Skip to comments.No Apology, No Future - (stubborn Putin's unapologetic Russia losing it all)
Posted on 05/01/2005 9:56:48 PM PDT by CHARLITE
Budapest, Hungary, October 1997. It was a gorgeous fall day, the sun sparkling off the Danube, the domed Royal Palace glinting on Buda Hill, smartly dressed shoppers strolling along the Vaci. Just a few years ago this place had been a fear-ridden Russian colony. Now everyone on the street was chattering away on a cell phone. Back in the Soviet days, only the Nomenklatura the Communist elite could get a telephone, and even they were terrified of talking freely.
I was in Budapest speaking to a conference of international business leaders. Another speaker was a Moscow television news commentator well-known in Russia, Boris Notkin. He informed his audience about how humiliated Russians felt, losing their Empire and the Cold War, not winning many medals in the Olympics, and having their Mir space station go belly-up. He warned of a dangerous anti-Americanism emerging among Russians, who resentfully blamed America for their problems.
A gray-haired gentleman with a Central European accent stood up and asked Boris a question: In addition to their feelings of humiliation and resentment, do Russians have any feelings of remorse for inflicting Communism upon so many countries? After their defeat in World War II, the Germans apologized to the world for being Nazis and for the horrible atrocities Nazism committed. After their defeat in the Cold War, will the Russians ever apologize to the world for being Communists and the equally horrible atrocities Soviet Communism committed?
Boris looked straight at the man and coldly answered, No. Russians feel no remorse. They will not apologize.
This past Monday, April 25, Russian President Vladimir Putin reaffirmed this absence of remorse and refusal to apologize for the genocidal horror perpetrated by Soviet Communism upon so many countries and peoples. In a nationally televised speech to the Russian Federal Assembly in Moscow, he declared that the collapse of the Soviet Union was the greatest geopolitical catastrophe of the 20th century.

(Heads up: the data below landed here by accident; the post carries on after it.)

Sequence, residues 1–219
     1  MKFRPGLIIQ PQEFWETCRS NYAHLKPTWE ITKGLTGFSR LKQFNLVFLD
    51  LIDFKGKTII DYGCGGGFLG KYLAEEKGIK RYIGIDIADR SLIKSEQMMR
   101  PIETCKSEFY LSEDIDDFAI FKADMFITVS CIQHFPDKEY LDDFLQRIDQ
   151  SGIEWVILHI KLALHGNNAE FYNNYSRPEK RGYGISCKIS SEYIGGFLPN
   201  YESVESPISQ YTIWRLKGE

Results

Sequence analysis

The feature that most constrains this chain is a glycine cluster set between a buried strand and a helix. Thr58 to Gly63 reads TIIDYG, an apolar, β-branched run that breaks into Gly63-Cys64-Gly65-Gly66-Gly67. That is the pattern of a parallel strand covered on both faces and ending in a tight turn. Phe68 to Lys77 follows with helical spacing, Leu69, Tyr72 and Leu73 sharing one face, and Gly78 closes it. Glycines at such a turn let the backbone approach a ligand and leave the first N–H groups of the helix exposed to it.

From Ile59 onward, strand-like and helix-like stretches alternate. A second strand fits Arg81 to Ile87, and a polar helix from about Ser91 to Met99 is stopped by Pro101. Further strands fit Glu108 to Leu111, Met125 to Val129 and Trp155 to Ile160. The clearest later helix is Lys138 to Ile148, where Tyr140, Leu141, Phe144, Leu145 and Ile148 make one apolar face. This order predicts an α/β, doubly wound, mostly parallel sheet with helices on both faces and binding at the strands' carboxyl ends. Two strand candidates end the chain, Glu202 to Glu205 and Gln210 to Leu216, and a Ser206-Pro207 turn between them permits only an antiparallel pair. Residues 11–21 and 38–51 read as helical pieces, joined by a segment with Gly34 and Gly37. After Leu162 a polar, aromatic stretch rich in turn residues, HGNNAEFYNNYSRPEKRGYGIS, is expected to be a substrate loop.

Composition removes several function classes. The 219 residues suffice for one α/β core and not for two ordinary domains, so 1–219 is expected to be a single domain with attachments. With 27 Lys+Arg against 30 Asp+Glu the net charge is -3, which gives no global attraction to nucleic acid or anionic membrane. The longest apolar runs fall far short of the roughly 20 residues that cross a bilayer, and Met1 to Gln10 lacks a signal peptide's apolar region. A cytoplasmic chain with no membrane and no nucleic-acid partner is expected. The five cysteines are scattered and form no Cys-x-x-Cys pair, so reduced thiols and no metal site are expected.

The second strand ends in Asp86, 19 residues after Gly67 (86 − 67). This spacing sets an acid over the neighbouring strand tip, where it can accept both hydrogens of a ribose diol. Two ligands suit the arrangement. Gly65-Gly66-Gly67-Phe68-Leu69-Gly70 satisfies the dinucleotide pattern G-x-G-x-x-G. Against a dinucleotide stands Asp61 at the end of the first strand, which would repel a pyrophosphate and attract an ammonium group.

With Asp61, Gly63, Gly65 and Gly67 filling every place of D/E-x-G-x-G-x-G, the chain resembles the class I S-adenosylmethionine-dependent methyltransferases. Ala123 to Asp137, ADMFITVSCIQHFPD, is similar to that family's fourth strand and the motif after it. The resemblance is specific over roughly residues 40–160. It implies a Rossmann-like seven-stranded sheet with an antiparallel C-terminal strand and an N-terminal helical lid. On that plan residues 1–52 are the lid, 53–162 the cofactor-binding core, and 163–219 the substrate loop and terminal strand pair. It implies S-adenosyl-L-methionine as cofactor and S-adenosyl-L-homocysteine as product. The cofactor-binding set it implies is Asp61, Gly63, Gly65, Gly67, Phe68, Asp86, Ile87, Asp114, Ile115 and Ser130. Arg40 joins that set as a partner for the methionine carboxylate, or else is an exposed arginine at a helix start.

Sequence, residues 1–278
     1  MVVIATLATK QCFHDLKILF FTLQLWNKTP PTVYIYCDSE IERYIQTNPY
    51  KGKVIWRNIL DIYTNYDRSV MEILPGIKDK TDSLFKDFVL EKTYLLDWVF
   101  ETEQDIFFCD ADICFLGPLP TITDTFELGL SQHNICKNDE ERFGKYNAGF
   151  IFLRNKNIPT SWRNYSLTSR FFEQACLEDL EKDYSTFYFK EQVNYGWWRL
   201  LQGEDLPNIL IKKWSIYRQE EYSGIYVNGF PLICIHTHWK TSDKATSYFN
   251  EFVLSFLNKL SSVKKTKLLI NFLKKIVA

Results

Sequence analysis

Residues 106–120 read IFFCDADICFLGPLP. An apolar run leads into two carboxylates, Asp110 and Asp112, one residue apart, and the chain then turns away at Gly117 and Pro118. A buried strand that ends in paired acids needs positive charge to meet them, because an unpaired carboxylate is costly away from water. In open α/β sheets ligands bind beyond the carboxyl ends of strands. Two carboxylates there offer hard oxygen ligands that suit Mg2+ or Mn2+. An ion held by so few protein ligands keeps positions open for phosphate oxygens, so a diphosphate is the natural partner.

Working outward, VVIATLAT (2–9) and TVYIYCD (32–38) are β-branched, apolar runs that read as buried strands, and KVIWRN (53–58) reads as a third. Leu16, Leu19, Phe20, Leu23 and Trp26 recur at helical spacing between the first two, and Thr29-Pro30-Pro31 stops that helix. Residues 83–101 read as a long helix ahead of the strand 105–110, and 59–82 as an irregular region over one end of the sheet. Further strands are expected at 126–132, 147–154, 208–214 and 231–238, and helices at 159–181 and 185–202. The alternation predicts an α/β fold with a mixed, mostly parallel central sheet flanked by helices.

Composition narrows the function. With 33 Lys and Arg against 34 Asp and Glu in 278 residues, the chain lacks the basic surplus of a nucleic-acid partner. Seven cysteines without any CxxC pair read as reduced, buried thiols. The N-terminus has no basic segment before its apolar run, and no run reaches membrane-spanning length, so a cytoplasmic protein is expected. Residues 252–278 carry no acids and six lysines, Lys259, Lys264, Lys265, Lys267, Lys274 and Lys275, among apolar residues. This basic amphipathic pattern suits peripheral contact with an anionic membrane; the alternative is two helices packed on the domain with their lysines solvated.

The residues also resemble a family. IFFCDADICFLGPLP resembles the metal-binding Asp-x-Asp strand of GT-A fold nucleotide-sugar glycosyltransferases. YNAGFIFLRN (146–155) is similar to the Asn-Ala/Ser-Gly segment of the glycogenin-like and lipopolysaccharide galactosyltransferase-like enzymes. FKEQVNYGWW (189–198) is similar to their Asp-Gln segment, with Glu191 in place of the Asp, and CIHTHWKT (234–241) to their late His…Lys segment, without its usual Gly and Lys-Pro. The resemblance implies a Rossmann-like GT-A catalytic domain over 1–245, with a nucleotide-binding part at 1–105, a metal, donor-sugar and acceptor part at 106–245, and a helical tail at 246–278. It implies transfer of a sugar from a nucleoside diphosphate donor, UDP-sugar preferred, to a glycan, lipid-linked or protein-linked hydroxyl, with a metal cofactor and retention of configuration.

The truth, of course, is that the existence of the Soviet Union was the greatest geopolitical disaster of the 20th century
It was only because the Germans went through a mea culpa emotional purge of the Nazi poison that they were able to create a prosperous free market democracy. The Russians will never be able to do the same until they can summon the moral courage to say to the world, Were sorry.
Until Russians can take responsibility for their history and stop blaming everyone else for it, they can never overcome it. Until they can admit they created a monstrously evil tyranny, they can never create a morally decent society. Until they can stop yearning for past imperial glory, their former colonies will always hate them, and never trust them.
For these colonies know that the Soviet Union was a fiction, a Hollywood-set country that didnt really exist. What actually existed behind the façade was a Russian Imperial Empire with the secular religion of Marxism-Leninism as its ideological justification. The justification may be gone, but the dream of empire has not. This was confirmed by Putin asserting in his speech that Russia should continue its civilizing mission on the Eurasian continent.
Continue civilizing? The mass slaughter of millions, the Gulag concentration camps enslaving millions more, imprisoning a score of nations behind the Berlin Wall and the Iron Curtain this is civilizing? Ask any Latvian, Lithuanian, Ukrainian, Pole, Czech, Hungarian, et al, and theyll tell you Russias historic mission has been un-civilizing to the horrific extreme.
Thus Russia remains determined to march resolutely towards cultural and national extinction. Putin may fly off for photo-ops in Egypt and Israel this week, and have George Bush and other world leaders stand next to him in Red Square week after next (commemorating the 60th anniversary of the end of WWII) but its all for show.
Because in the meantime, in spite of Russias being the worlds second largest oil producer (after Saudi Arabia), of all fifteen now-independent nations that once comprised the Soviet Union, Russia is next to last in current economic growth. Only Tajikistan is lower.
An extremely high-placed source in the Kremlin tells To The Point that capital flight has reached flood levels. The governments public admission was that $8 billion flew out of Russia last year. The true figure, our source said, is four times that: $32 billion. It will be much more this year.